Comments on watching and making films.

Tuesday, July 28, 2009

DVD - Werckmeister Harmonies

I have no idea what this film was about. I had heard Bela Tarr was this AMAZING filmmaker and that I had to see his stuff, so I Netflixed one of his more popular films. Needless to say, after two and a half hours, a lot of dancing, a giant fake whale, and a very confusing riot sequence, I still have absolutely no clue what this film is about. If you have decoded it, please drop me a line and let me know.

Matt Christy's "Desert"

Desert from matthew christy on Vimeo.

I helped make this. I love the way his mind works.

The Non-Commissioned Officers' "Sweet Eleanor"

Sweet Eleanor from MAKE-OUT with VIOLENCE on Vimeo.

Sweet Eleanor is one of the tracks from the Make Out With Violence soundtrack. The film was co-written and co-directed by fellow Watkins alum Chris Doyle. I saw an early cut of it (not the final one), and really liked it.

Monday, July 27, 2009

DVD - Scott Walker: 30 Century Man

Disturbed genius's are always good fodder for documentaries. Two of my favorite music doc's are DiG! which is partly about Anton Newcombe, the musical genius/crazy dude behind Brian Jonestown Massacre, and The Devil and Daniel Johnston about Daniel Johnston, an Austin musician who lost his mind and became an underground sensation. Scott Walker:30 Century Man is no different.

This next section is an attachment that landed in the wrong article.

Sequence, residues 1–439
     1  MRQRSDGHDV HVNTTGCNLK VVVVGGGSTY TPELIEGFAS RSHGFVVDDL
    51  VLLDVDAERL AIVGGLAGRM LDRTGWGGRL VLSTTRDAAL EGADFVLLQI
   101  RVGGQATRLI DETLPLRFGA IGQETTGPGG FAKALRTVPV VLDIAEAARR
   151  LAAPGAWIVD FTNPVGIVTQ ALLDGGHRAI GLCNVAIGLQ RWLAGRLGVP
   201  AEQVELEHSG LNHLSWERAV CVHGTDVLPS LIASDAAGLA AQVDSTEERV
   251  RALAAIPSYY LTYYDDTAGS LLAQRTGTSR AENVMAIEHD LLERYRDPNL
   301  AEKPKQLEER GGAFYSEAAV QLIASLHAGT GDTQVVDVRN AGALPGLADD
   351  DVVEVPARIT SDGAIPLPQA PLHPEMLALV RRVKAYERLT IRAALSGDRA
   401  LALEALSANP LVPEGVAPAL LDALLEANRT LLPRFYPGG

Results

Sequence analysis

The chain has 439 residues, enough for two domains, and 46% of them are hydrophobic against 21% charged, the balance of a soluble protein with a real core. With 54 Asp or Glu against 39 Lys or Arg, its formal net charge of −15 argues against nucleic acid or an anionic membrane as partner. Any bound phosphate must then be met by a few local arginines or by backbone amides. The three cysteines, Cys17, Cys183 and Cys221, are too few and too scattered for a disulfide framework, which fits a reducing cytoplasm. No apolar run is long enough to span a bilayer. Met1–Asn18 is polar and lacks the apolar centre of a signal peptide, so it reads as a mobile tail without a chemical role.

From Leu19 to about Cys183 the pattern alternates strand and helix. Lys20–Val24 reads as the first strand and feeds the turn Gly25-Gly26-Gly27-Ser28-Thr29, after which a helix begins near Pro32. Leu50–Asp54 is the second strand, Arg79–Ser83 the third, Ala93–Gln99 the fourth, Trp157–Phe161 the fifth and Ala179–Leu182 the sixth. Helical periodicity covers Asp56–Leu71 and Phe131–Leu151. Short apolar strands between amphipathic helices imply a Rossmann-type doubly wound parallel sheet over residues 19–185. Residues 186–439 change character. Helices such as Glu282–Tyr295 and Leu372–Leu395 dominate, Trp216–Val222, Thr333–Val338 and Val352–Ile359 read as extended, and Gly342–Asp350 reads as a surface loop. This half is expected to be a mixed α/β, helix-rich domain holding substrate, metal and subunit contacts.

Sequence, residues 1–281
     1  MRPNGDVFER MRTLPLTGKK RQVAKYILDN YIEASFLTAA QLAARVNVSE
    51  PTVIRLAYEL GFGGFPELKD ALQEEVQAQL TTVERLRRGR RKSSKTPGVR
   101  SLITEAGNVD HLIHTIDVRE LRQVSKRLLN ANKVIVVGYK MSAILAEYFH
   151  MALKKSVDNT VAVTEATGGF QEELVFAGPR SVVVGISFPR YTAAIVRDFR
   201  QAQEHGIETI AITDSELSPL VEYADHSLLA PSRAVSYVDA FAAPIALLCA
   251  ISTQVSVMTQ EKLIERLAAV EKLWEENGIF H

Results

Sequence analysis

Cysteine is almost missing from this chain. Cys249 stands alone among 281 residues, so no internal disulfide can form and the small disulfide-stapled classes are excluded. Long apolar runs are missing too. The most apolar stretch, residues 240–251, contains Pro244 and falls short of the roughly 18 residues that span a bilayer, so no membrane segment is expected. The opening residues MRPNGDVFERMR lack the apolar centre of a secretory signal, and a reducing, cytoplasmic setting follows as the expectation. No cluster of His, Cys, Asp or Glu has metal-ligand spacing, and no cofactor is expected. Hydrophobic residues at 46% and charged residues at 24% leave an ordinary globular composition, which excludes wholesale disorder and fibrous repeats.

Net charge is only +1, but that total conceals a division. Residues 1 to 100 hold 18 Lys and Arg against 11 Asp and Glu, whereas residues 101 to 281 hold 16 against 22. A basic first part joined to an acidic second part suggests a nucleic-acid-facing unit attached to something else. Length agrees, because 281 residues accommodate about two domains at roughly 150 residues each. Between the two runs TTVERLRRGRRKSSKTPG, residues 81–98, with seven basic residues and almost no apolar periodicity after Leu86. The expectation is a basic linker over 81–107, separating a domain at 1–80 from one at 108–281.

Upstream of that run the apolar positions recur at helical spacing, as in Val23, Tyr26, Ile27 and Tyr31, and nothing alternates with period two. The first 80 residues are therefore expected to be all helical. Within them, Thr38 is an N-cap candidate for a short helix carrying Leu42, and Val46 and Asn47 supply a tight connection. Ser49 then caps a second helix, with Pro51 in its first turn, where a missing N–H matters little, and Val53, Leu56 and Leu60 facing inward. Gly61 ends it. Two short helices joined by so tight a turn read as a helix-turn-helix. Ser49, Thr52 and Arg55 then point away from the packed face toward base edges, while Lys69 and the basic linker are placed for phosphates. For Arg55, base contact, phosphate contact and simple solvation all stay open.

The film explores the career of Scott Walker, a man who has influenced generations of British and American musicians from Bowie to Blur and beyond. Walker started out his career as part of a trio, and grew into a solo recording career, before deciding to completely abandon the public aspects of being a "rock star", and retire to a life of solitude, only occasionally recording and releasing albums. His story is mostly told through reminiscence of those who have known him over the years, though Walker does fill in some of the blanks. While his music shifts between classic pop and stuff that is mildly unlistenable, Walker, himself, is always interesting and strikes you as the kind of person you could easily listen to for hours, if he would even be willing to talk to you.

DVD - If...

The 1960's were a time of hope and experimentation, and the idea of taking down the old systems, both in the US and abroad. Lindsay Anderson captures some of the spirit of the 1960's in England in his film If...

The film stars Malcolm McDowell, in his feature debut, as Mick Travis, a rebellious young teenager who attends a preparatory school in England. He and his friends could care less about all of the posturing and formalness that the school is trying to force down their throats, and do all they can to break away from it (even with the knowledge that they will be punished for their actions, and punished more and more severely the more they do). Mick is determined to live life his own way, though, and not give into his "masters".

If... is like a record of the final breakdown of the general acceptance of this upper class attitude in England. After this period, people of this class would never see the kind of respect they had always had, and people like Mick would be the one's to usher that in. If... is the perfect counter cultural movie for its time. It isn't preachy, it doesn't try to solve every problem. It simply presents a world and a time as its disintegrating.

(500) Days of Summer

In his feature film debut, director Marc Webb weaves a modern tale of boy meets girl, gets dumped by girl, has no chance of ever getting back with girl, eventually realizes he may have a future.